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Mt. Lemmon Carabiner-Anchors: do NOT blindly trust them!!!
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By Andy Bennett
From Tucson, AZ
Apr 3, 2013
!!!ALWAYS DOUBLE-CHECK IN-SITU CARABINERS ON MT. LEMMON!!!

It goes without saying that the responsible, observant, and life-loving climber always does this. It is easy to become complacent though, especially when sport cragging. In light of several recent casualties, and at least one fatality due to rope-severing "perma-biners", I wanted to remind everyone to do this. Many newer routes on Mt. Lemmon are going up decked-out with biner-anchors (thank you Jim and Eric), while some older routes are being updated with them. Most of these are aluminum alloy carabiners however, and some are being quickly worn down, even on somewhat-popular climbs. I've seen some pretty worn and scary biners lately and have replaced the ones I could, unfortunately just with more normal Al biners.

Make sure to inspect all "permanent" hardware before trusting it. That means anchors, project draws that've been up for a while, and "perma-draws". Nothing is permanent. If a biner is wearing thin, deeply grooved, at all sharp, or otherwise sketchy, replace it; your life is worth $15. Use steel carabiners if you happen to have them. I'm going to start carrying around a grip of these whenever I go out. Though even steel biners wear out...

Play it safe, happy climbing!

-Andy Bennett

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By Christian
From Casa do Cacete
Apr 3, 2013
Ooops...
If more than one person in your party is going to climb the route, make sure only the last person gets lowered off the anchor 'biners i.e. everybody before the last person gets lowered off quickdraws.

I've seen some people at Raycreation even rap at the end to save wear on the 'biners, but that kind of defeats the purpose of having them there in the first place lol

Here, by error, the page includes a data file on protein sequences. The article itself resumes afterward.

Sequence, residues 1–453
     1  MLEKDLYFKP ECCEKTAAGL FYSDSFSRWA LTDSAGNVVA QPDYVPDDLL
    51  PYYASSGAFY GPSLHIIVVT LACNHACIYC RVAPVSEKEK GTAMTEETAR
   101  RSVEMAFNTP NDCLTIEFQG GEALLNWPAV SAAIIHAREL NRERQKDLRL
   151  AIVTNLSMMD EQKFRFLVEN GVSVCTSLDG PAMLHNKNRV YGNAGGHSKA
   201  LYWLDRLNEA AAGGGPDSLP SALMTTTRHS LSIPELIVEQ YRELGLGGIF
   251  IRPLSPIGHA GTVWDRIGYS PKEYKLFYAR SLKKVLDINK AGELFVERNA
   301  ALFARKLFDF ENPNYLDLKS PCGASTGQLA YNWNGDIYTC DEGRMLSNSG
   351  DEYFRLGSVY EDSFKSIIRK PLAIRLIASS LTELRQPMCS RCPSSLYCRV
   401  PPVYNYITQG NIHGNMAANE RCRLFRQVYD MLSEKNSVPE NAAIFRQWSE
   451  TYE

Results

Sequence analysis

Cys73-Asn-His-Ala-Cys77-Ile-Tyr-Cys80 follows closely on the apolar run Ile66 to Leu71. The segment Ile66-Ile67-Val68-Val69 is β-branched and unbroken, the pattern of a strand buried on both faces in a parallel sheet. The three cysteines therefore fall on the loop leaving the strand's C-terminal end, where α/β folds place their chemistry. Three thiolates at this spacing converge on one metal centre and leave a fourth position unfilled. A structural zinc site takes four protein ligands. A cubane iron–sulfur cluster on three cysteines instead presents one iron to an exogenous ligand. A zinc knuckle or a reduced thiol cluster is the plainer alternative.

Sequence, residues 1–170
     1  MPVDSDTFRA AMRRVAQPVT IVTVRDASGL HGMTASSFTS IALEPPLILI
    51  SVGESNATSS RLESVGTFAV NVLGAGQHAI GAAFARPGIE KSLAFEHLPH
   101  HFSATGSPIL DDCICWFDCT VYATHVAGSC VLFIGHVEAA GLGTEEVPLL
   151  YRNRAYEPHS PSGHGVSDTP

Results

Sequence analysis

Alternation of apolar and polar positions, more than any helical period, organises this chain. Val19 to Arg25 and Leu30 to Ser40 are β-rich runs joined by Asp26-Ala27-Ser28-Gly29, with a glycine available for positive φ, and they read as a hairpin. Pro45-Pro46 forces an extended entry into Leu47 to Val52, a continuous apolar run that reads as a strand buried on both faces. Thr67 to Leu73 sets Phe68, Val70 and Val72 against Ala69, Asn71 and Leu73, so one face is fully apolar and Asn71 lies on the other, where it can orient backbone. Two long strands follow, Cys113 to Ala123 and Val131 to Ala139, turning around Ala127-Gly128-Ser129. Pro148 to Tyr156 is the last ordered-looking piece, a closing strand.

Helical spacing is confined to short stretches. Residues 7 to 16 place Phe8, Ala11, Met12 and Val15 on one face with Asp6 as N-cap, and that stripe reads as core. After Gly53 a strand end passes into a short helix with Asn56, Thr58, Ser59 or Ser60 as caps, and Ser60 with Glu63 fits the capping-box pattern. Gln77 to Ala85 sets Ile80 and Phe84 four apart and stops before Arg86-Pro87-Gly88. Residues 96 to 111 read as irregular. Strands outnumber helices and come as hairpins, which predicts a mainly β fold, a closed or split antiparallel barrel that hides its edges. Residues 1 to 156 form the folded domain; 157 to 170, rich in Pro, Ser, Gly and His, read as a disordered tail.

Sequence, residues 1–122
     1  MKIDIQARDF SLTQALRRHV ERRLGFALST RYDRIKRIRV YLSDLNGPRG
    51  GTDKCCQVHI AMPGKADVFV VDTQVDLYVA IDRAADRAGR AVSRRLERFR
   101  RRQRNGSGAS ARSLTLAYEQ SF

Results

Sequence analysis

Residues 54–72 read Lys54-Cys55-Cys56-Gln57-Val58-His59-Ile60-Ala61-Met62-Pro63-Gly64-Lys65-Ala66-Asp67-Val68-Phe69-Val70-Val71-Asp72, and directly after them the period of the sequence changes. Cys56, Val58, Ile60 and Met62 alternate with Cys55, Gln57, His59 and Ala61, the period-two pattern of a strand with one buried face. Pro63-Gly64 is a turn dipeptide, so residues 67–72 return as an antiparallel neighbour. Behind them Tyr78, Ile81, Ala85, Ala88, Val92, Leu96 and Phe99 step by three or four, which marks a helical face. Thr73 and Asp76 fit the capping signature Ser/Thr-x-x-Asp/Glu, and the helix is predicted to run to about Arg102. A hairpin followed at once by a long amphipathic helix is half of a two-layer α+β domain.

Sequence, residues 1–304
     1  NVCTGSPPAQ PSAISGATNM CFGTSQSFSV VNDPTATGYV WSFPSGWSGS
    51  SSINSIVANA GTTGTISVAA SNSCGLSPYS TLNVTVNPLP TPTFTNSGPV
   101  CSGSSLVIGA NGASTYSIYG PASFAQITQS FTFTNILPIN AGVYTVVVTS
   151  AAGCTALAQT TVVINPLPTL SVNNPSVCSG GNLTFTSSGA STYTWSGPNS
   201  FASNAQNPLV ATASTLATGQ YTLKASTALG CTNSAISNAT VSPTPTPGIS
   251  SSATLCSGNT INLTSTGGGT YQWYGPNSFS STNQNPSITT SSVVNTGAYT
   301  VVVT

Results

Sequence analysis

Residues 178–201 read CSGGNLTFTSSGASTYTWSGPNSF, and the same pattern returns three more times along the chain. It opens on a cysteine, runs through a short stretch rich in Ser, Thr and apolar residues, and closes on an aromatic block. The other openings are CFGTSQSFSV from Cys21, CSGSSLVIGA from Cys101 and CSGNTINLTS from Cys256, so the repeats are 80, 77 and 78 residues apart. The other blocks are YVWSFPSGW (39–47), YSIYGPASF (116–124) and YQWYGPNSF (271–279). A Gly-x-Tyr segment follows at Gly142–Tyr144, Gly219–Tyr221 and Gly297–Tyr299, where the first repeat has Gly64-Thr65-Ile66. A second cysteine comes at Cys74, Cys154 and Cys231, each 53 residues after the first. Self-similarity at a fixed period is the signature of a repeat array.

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By Maurice Chaunders
Apr 3, 2013
Colombian Crack
I don't think it defeats the purpose entirely. If you yard up an extra armlength or two, you can rap without untying, so the biners save time in that sense. I always prefer to rap, rather than lower.

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By Steve Pulver
From Williston, ND
Apr 4, 2013
And obviously, if they look in bad shape but you can't replace them, please just take them off the route and throw 'em away.

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By Andy Bennett
From Tucson, AZ
Apr 4, 2013
Wanted to add that, if you are setting up a top rope, use your own gear at the anchor. This should be a no-brainer, but I wonder how much wear I've seen is due to top-roping off the anchor biners, or chains...

Here's a good method for setting up a safer top-rope when climbing with novices who may not know how to clean an anchor: clip your quickdraws to the anchor hangers, top-rope off of them, but also run the rope through the in-situ anchor biners. That way, the anchor biners are not being worn, but a novice can, upon reaching the chains, just unclip the draws and still be safely on belay.

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By jbak
Apr 4, 2013
A steep climb too.
Good idea to bring this up Andy.

My thoughts:

If you see dangerous-looking stuff, try to remove it. Better the next guy has to figure something out for himself than continue to use bad stuff.

Steel is way better than aluminum. Aluminum wear rate is 5 to 10 times faster.

Mussy hooks seem to be a pretty good solution at anchors. They are no fun to clip, but they should last a long time. On a project with a desperate anchor clip, you can use your own QDs on the mussys for the redpoint runs, and then use the mussys when you clean the route. At the Shed and the Tusk we have gone almost totally to Mussys.

Permadraws...

I like the idea of minimizing their numbers first. Yes, I know that's hypocritical. Certain routes would be a total bitch to clean without them. Like Freeloader or The Crossing. But Cres-sent doesn't need them (Cres and I did not put any on). It's nice to have them, but it's cleanable without. So I'm thinking about removing some of my permadraws on certain routes. AND I'm thinking about using commercially-made cable-and-steel-biner combos to better handle the wear-rate problem. I just ordered 10 from ClimbTech at $18 a pop.

Some permadraws look unnecessary, but really serve a purpose. At the Shed, at least 2 were placed on long chains because there was no solid, drillable rock where the clip needed to go. So we drilled higher into good rock, and then extended a chain down to where the clip should be.

One last thought... try to check the hanger nuts on permadraws. When you are placing your own draw, a loose hanger is pretty noticeable. When clipping a permadraw, you are much less likely to notice a loose nut/hanger. A wrench and some locktite (red paste from Copperstate Nut and Bolt) are your friends.

A last final-final thot...All this stuff should be camo-ed, and the land-manager visibility taken into account.

FLAG


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